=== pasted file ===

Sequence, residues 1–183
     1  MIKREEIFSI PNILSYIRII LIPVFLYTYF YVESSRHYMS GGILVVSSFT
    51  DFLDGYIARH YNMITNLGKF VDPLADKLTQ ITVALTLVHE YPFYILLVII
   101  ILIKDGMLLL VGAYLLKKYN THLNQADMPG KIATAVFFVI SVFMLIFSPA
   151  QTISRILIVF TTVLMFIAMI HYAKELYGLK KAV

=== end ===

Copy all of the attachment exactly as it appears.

Sequence, residues 1–183
     1  MIKREEIFSI PNILSYIRII LIPVFLYTYF YVESSRHYMS GGILVVSSFT
    51  DFLDGYIARH YNMITNLGKF VDPLADKLTQ ITVALTLVHE YPFYILLVII
   101  ILIKDGMLLL VGAYLLKKYN THLNQADMPG KIATAVFFVI SVFMLIFSPA
   151  QTISRILIVF TTVLMFIAMI HYAKELYGLK KAV